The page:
5G Technology World compiled several 5G-related products that you’ll see at the IEEE 2020 Microwave Symposium, which takes place online starting August 4.
Just like every other event, the 2020 IEEE International Microwave Symposium (IMS) will take place as a virtual event. Papers and presentations have been recorded and will be available through September. To give you a taste of what you’ll see — or would have seen in Los Angeles in late June — 5G Technology World reached out to several 5G-related companies that are exhibiting in the virtual trade show or exhibited at IMS 2019.
We’ve categorized products into three groups. We also asked each company to provide their thoughts on where 5G is headed, which you can read below. The following pages contain IMS product information. You can jump among them from links at the bottom of each page.
- Components (Page 2)
- Equipment (Page 3)
- Software and IP (Page 4)
Several companies have contacted us with new products that will be released at the virtual exhibition. We’ll be adding to these pages during and soon after the virtual event.
So, what are companies saying about 5G? Let’s find out.
Abhishek Kapoor, VP Sales, Anokiwave
Millimeter wave (mmWave) 5G continues to become a market reality on a broader scale. In 2020, mmWave 5G networks are being densified with multiple deployments across several US cities with numerous other countries planning their own deployments. In the second half of 2020, we will start to see major handset manufacturers ship more consumer handsets with mmWave 5G capabilities, paving the way to mass scale adoption of mmWave 5G worldwide.
In 2021, the mmWave 5G use uses cases will explode beyond Fixed Wireless Access (FWA) to mobility, Integrated Access Backhaul (IAB) and indoor coverage. Multiple types of radio units — Macro base stations, small cells, repeaters, CPE and handsets < will be introduced and deployed widely. We will also see a new set of market entrants provide infrastructure and consumer equipment versus the traditional market aggregation.
Roger Nichols, 5G/6G Program Manager, Keysight Technologies
The deployment phase of 5G will keep gaining momentum. Despite challenging macroeconomic conditions, investment in 5G will continue as companies race for market leadership. From a technical perspective, the focus will be on implementing the latest changes in the standard contained in 3GPP’s Release 16, including further enhancements for transition from legacy systems — dynamic spectrum sharing, higher data rates for enhances mobile broadband (eMBB) further carrier aggregation, dual connectivity, and use of unlicensed bands, enabling IIoT with enhancements to mMTC and URLLC capabilities, and enhancements for verticals like C-V2X for automotive. Meanwhile, the standards groups and industry will be working on Release 17.
Jonathan Leitner, Senior Product Management Engineer, Menlo Micro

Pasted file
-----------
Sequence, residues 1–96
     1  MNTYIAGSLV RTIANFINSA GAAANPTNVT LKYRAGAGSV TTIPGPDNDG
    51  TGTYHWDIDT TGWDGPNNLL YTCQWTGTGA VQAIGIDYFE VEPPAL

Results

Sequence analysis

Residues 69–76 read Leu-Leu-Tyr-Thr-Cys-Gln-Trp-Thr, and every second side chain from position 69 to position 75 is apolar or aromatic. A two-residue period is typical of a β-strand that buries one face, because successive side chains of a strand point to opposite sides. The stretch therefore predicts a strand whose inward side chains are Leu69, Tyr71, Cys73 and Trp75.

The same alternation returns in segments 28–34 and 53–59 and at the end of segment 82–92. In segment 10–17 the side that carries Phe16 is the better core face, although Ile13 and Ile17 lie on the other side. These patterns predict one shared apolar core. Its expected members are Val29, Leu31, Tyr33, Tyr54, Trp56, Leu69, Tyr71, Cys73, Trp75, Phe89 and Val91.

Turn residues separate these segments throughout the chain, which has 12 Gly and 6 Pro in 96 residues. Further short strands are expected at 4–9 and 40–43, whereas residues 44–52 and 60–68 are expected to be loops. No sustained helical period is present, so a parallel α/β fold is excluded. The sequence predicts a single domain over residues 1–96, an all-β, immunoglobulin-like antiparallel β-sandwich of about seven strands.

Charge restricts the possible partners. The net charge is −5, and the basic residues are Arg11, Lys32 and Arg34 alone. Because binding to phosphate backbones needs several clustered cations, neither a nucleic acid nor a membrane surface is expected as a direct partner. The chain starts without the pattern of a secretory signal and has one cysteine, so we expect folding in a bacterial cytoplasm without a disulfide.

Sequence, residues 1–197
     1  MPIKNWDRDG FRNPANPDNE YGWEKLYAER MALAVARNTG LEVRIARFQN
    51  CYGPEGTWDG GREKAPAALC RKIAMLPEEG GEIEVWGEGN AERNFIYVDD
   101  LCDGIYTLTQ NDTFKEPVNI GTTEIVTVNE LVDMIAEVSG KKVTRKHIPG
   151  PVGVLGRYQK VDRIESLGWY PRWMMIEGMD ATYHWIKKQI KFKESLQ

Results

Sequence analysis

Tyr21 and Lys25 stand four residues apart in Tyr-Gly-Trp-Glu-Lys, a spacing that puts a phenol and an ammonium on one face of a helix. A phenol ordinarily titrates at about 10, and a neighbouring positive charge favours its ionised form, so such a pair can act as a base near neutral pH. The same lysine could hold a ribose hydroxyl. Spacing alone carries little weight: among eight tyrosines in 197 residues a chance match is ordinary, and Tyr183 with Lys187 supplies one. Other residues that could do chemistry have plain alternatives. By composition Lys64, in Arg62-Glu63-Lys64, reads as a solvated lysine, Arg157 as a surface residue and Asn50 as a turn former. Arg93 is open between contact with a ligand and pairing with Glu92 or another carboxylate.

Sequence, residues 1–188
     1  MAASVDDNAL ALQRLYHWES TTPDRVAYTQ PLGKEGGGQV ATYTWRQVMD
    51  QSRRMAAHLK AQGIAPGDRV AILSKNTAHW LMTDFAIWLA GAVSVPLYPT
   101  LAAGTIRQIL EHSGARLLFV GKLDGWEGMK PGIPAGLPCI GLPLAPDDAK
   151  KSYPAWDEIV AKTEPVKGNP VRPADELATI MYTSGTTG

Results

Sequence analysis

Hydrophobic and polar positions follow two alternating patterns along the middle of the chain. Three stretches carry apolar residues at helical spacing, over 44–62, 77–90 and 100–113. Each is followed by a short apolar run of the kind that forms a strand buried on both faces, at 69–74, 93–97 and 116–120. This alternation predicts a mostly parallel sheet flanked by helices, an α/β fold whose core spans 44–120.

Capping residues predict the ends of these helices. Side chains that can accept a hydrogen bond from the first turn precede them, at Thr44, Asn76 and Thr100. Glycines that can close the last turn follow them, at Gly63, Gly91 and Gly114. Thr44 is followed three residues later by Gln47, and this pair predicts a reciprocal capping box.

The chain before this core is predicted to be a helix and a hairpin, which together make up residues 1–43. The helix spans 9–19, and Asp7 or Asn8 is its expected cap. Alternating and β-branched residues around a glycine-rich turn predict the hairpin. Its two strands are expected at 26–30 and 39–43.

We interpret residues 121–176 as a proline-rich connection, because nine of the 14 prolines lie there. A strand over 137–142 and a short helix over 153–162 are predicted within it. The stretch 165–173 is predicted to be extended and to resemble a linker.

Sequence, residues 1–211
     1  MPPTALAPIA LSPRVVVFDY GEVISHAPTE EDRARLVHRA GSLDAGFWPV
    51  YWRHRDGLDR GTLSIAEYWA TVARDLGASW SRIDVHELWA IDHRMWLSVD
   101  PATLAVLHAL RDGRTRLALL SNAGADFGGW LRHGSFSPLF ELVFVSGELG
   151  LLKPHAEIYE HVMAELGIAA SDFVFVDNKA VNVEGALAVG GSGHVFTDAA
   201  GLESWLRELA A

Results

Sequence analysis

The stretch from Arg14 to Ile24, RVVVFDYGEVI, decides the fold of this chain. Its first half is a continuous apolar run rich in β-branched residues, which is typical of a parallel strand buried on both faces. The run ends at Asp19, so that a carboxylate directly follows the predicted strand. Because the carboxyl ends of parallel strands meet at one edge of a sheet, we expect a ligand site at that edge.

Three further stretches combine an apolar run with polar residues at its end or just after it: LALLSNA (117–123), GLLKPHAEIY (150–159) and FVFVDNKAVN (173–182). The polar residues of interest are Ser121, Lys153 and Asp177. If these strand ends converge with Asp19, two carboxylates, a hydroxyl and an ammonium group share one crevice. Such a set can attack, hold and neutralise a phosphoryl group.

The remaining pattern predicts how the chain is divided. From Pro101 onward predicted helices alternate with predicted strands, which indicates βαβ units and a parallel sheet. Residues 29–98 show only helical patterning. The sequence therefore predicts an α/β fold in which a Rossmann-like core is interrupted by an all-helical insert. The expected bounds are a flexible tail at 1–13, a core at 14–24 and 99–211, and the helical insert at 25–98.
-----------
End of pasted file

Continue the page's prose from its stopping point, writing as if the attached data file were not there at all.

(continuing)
It’s exciting to see the accelerating pace of deployment of 5G small-cell-to-metro-cell radio systems, and the advanced radio-access network (RAN) and core networks that tie these pieces together. We’ll witness growing demands placed on these systems to meet ever-increasing frequency, bandwidth, and throughput requirements. Therefore, greater emphasis on the RF hardware will then be needed to meet the more stringent demands per the 3GPP’s Release 15 & 16 specifications, and its continued commercialization. To make 5G NR successful, traditional spatial diversity will become “massive MIMO,” and the requirements for more advanced and efficient 3D beam-steering antenna arrays will be realized.
James Martin, VP of Business Development, MixComm
The earliest demonstrations of mmWave 5G showed tremendous promise of phased array-based systems, but also highlighted the remaining obstacles to large scale deployment. High cost, limited range, high power consumption and the associated thermal challenges, and large array form factors must all be improved to allow significant proliferation of mmWave 5G.
A transition from CMOS and SiGe front end devices to RF SOI will be key over the coming year. Front ends now being produced using RF SOI are demonstrating higher linear transmit power and record-breaking efficiency for both transmit and receive – shrinking the need for bulky and costly heat management. The technology also offers a manufacturing scale which can support high volumes at low cost. These benefits make silicon-on-insulator (SOI) devices ideal for 5G infrastructure ranging from gNodeB base stations and repeaters to customer premise equipment. Smaller array size and extremely low power operation will also enable 5G hotspots and other user equipment to sport smaller and more aesthetic form factors.
Tony Opferman, Wireless Business Development Manager, Rohde & Schwarz
2021 will be a pivotal year for the wider adoption and success of 5G. The migration to standalone mode (SA) and the wider deployment of mmWave (FR2) are two of the key technology shifts that will eventually unlock much of 5G’s promise. Interim technologies, such as Dynamic Spectrum Sharing (DSS), will also play a vital role in enabling carriers without low-band spectrum to deploy 5G in existing LTE bands, helping to further drive broad 5G adoption.
Throughout 2021, additional features like the adaptation of bandwidth parts, supporting different numerologies in conjunction with network slicing in the core, will enable many new and innovative services. As the adaptation of 5G through many industries continues, we will see factories in the industrial sector transform to the smart factories of the future. Time-Sensitive Networking (TSN) protocol across the 5G network is just one of the features that manufacturers need to upgrade their wireless networks to 5G.
Continue to the product section, pages 2, 3, 4. Click on product images to enlarge.
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